So far the British Jon Anderson, Rick Wakeman and Lee Pomeroy with the South African Trevor Rabin and the US-American star drummer Lou Molino III have sailed close to Germany since their new formation about two years ago. After a US tour last fall, an extensive UK tour and one gig each in Holland and Belgium in spring, we caught the band shortly after the end of a successful Japan off-shoot, their first tour under the name Yes feat. Anderson, Rabin & Wakeman.
eclipsed: Why did you change the band name to Yes feat. ARW now?
Rick Wakeman: We could and should have called ourselves Yes from the beginning, because Jon has the rights to it. But in the run-up to our activities, we talked to Steve [Howe]'s manager and agreed, so as not to confuse people, to use our own names first. Although we never wanted to do anything other than play yes music. But the reactions of the fans quickly made us realize that they see the band as what it is: Yes.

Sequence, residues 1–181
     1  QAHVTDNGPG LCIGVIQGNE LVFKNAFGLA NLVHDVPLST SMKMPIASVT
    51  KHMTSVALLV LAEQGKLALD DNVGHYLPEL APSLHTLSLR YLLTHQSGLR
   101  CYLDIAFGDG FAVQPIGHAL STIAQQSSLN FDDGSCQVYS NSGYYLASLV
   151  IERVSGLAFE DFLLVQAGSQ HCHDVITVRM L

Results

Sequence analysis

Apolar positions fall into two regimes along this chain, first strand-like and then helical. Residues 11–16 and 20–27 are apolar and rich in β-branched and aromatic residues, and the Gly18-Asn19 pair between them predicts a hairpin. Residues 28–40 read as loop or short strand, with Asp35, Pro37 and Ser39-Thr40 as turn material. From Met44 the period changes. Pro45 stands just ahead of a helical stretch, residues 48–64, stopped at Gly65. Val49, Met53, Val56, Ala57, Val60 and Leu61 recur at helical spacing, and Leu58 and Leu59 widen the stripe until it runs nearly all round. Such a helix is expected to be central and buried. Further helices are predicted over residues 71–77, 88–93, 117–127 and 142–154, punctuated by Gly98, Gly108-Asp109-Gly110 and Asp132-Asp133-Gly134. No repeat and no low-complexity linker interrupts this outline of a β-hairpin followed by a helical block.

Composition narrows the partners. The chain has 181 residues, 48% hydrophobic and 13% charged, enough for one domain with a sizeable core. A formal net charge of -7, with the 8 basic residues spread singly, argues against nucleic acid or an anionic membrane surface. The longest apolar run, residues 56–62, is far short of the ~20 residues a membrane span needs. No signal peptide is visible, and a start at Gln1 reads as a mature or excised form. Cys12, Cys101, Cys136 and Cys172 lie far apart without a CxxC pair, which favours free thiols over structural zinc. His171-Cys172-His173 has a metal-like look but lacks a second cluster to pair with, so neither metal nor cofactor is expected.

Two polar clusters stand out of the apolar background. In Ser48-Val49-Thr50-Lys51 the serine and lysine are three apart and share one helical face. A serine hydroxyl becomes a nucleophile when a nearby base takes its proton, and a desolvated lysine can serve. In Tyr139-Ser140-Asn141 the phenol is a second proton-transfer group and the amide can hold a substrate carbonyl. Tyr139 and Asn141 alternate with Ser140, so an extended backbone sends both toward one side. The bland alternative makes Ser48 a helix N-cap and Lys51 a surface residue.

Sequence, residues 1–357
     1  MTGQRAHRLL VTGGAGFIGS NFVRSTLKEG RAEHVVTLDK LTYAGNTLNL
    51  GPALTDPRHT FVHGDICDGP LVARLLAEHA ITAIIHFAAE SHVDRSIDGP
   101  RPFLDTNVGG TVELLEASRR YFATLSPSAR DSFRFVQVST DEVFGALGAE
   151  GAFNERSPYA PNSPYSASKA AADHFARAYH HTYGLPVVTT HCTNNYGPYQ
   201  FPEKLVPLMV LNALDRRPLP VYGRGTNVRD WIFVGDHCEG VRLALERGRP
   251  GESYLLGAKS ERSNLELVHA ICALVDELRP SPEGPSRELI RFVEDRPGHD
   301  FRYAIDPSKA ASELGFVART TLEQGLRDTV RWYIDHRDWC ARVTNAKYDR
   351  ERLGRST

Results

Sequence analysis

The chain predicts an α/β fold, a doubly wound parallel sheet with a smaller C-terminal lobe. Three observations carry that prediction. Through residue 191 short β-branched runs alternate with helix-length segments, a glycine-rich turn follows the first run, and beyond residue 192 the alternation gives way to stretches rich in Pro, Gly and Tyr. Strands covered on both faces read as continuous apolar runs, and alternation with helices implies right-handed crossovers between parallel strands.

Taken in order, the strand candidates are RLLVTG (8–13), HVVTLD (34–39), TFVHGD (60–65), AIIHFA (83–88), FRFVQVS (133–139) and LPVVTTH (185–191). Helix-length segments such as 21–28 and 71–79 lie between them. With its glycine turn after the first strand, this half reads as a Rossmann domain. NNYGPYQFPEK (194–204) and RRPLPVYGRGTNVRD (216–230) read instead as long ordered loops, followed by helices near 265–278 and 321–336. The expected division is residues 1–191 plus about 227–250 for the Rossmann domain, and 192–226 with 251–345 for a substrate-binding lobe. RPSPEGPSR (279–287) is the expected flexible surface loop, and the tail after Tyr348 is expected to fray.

Trevor Rabin: If you play in a band with Jon and Rick, it's inevitably Yes.
Jon Anderson: I never left Yes, that's how I see it.
Wakeman: I don't think there's any irritation with the addition of ARW either.
eclipsed: How do you feel about the other version of Yes?
Anderson: I know a lot of bands that only play Yes music. I have no problem with that, because I feel flattered that they carry on our music.
eclipsed: I meant, of course, the yeses led by Steve Howe.
Wakeman: In my opinion only a band in which Jon sings can trade as Yes. Regardless of whether others also have the rights to it or certain musicians like Trevor, Steve or I were at a certain stage with Chris [Squire] and Jon at Yes.
Rabin: When I formed the band Cinema together with Chris before "90125", it was clear to us from the moment Jon joined us as a singer that this band could only be called Yes.